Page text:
We’d all like to think that with the current offerings and enhancements in mobile services we have unfailing access to the information superhighway.
High-bandwidth, mobile networks (4G LTE) promise the speediest connection for all of your data—email, photo posts, check-ins—anywhere, anytime. The truth is that although we feel completely connected through our mobile devices, this is not always the case.
We all have that one spot in the house that gets no signal, or your favorite shopping center that for some reason is an absolute dead zone. How often have you been cut off from your virtual world while out and about—no email, no Facebook, not enough service to send a text?
At times like this most apps simply stop working. It can be one of the most frustrating hang-ups of technology.
According to Dropbox, your apps no longer have to go kaput when the signal drops. Dropbox offers a free web-based service that provides storage and sharing of files (documents, video, images and more) from anywhere and between multiple devices. And now, the file-sharing dynamo has created a solution for your data that will let you connect to your apps, whether or not you have a mobile network or Wi-Fi connection—The Datastore API.
Announced at Dropbox’s inaugural developer conference, DBX, Datastore API, is an extension of what Dropbox has done for file-sharing online, but for in-app data in our occasionally disconnected universe. Data can be added to Dropbox through any app with the Datastore API and can be synced back to any device, giving you information that is not only saved but also sharable to many destinations. With the new Datastore API, if you add a to-do list item, beat a game level, or edit a photo on your iPhone, you can pick up right where you left off on a tablet or desktop. Additionally, this will backup your application settings, contacts, bookmarks and other bits of information that can get lost when an app crashes or loses connection.
So what does this mean to the average mobile user?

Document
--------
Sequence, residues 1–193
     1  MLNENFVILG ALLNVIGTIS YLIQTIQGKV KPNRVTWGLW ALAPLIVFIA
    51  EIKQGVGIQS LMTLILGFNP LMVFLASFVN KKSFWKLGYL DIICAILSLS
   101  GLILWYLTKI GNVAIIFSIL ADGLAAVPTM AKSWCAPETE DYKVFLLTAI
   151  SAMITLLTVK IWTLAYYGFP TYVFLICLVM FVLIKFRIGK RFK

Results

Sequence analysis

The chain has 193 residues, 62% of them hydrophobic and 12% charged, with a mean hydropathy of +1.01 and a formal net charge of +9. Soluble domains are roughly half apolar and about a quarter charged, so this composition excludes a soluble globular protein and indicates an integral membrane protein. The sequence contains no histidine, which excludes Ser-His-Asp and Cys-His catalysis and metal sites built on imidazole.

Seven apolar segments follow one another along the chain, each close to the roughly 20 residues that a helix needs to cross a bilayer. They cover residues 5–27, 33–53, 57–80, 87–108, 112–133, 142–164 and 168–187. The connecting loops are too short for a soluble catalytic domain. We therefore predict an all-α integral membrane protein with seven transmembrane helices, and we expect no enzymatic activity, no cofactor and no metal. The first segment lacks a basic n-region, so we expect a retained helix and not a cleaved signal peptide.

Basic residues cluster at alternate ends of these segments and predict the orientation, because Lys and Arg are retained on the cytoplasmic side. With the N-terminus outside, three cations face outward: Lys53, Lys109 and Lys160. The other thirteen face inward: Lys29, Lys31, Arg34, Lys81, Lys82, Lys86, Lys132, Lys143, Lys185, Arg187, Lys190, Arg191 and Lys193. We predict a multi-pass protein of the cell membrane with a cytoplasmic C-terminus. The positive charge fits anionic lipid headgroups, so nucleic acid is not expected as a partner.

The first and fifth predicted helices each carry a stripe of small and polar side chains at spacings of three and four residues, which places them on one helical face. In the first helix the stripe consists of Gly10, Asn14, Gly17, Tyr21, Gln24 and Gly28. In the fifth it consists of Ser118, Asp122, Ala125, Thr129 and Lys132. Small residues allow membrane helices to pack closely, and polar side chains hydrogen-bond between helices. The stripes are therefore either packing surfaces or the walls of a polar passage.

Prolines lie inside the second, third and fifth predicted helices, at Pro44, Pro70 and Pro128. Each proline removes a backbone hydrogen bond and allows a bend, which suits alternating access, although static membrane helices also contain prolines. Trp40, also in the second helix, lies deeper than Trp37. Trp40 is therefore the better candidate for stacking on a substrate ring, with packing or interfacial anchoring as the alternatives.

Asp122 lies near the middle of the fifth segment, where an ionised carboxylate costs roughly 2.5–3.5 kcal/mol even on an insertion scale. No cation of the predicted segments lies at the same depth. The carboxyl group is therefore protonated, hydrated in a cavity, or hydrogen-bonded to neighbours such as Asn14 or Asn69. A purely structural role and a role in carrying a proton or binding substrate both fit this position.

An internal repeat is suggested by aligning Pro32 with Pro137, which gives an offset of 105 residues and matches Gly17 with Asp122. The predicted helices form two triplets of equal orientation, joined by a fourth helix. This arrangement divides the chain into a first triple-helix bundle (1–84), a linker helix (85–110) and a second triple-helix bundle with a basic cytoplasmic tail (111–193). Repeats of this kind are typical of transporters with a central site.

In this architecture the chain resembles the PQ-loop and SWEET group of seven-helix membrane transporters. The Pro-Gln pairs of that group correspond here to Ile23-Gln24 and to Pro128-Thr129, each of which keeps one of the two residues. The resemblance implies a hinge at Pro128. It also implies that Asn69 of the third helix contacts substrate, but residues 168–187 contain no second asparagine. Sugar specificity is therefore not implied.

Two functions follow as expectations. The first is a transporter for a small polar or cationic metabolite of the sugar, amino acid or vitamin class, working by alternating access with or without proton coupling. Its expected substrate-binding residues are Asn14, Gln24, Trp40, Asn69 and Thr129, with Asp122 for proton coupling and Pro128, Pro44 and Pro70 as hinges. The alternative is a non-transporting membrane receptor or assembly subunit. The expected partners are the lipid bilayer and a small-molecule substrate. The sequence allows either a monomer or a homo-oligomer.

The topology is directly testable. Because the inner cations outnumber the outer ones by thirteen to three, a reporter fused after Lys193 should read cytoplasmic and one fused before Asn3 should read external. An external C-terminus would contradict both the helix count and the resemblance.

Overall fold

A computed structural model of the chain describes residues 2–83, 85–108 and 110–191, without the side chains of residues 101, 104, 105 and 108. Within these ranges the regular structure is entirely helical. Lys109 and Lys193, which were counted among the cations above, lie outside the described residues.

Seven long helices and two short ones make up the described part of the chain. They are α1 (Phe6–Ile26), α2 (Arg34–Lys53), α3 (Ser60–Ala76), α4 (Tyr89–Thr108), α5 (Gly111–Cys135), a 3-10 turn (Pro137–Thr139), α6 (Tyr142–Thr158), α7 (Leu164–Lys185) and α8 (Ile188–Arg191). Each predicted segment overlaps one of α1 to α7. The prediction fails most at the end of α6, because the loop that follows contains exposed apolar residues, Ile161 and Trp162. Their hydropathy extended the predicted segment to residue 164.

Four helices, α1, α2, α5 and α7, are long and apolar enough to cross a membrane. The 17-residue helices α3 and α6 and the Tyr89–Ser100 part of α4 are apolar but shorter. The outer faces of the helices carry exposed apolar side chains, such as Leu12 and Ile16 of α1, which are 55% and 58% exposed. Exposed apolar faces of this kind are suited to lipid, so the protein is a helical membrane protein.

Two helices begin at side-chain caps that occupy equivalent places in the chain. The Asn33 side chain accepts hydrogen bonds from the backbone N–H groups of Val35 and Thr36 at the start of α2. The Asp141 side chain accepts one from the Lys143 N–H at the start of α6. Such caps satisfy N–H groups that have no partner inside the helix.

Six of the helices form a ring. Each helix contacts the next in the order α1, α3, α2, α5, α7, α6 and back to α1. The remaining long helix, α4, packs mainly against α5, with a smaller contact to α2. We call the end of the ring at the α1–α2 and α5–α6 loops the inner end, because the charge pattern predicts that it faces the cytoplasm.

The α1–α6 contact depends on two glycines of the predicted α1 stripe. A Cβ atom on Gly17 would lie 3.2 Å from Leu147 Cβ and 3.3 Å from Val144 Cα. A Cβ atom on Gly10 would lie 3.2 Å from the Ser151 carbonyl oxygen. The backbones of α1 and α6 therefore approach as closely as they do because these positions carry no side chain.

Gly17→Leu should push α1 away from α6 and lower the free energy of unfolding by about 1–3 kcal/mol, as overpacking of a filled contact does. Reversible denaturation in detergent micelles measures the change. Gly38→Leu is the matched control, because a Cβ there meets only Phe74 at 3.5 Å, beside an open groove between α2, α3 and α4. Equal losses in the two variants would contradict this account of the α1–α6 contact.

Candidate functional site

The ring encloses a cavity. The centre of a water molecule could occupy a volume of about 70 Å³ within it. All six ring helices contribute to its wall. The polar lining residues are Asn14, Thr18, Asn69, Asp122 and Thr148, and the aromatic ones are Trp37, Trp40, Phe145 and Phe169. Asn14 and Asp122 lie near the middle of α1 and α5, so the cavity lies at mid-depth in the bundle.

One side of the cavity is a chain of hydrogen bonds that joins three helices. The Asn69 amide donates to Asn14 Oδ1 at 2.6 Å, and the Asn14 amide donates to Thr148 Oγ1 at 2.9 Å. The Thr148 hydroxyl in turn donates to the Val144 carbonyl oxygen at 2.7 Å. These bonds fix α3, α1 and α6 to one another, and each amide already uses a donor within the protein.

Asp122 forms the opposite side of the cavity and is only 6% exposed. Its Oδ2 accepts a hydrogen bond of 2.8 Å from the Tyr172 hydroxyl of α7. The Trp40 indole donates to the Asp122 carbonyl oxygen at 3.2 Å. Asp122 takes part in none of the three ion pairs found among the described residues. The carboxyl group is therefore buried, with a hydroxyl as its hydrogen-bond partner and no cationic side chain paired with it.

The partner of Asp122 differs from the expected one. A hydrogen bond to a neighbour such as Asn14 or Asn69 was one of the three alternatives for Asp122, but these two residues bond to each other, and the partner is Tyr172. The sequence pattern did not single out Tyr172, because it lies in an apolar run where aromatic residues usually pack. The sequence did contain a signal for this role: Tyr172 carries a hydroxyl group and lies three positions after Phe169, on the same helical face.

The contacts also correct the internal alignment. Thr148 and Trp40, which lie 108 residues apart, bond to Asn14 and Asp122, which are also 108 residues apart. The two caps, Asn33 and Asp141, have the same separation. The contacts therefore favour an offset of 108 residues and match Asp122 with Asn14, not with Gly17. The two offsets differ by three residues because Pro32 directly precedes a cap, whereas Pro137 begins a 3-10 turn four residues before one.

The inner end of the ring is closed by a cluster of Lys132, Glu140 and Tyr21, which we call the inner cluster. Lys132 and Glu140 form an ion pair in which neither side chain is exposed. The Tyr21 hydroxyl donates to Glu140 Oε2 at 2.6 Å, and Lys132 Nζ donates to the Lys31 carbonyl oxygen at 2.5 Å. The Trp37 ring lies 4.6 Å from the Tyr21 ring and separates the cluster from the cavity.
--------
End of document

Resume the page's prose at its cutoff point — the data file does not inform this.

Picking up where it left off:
As more developers integrate this program into their apps, users will have better access to their data, on and offline. No longer will you lose that photo you were trying to load to Facebook when the car suddenly went though a tunnel. Plus, you will be able to access information stored on the “cloud” from any app. The cloud serves as a set of computers, storage devices or networks that are connected to form a larger service, giving you access to your files and data from multiple locations. Cloud services can be made either public or private to access, depending on the service provider. And their structure makes them flexible to expand or size down.
Of course, down the line, this could mean new vulnerabilities for the users who store their information online. Having app data stored elsewhere from your phone could potentially open it up to hackers who might try to gain access to information you are not even aware you’re putting out there. New apps set up to save all data on or offline could be sending something to the cloud that you don’t want out in the Internet universe.
For the time being, we’ll have to see what happens with the possible realization of continuous connectivity, even when the phone shows no bars. One thing is certain, many lost posts and check-ins will now be saved.